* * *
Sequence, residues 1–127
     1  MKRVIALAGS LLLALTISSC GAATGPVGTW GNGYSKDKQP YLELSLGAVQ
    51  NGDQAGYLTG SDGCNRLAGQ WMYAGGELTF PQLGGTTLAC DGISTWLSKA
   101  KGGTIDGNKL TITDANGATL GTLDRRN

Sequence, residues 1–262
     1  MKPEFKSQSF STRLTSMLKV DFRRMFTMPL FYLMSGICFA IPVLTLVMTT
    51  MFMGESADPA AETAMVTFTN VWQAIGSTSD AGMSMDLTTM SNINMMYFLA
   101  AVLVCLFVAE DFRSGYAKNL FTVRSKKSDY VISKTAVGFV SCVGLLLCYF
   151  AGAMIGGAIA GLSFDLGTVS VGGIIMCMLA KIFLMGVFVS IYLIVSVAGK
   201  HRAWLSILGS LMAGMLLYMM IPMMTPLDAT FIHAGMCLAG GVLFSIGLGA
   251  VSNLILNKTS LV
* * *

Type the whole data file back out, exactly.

Sequence, residues 1–127
     1  MKRVIALAGS LLLALTISSC GAATGPVGTW GNGYSKDKQP YLELSLGAVQ
    51  NGDQAGYLTG SDGCNRLAGQ WMYAGGELTF PQLGGTTLAC DGISTWLSKA
   101  KGGTIDGNKL TITDANGATL GTLDRRN

Sequence, residues 1–262
     1  MKPEFKSQSF STRLTSMLKV DFRRMFTMPL FYLMSGICFA IPVLTLVMTT
    51  MFMGESADPA AETAMVTFTN VWQAIGSTSD AGMSMDLTTM SNINMMYFLA
   101  AVLVCLFVAE DFRSGYAKNL FTVRSKKSDY VISKTAVGFV SCVGLLLCYF
   151  AGAMIGGAIA GLSFDLGTVS VGGIIMCMLA KIFLMGVFVS IYLIVSVAGK
   201  HRAWLSILGS LMAGMLLYMM IPMMTPLDAT FIHAGMCLAG GVLFSIGLGA
   251  VSNLILNKTS LV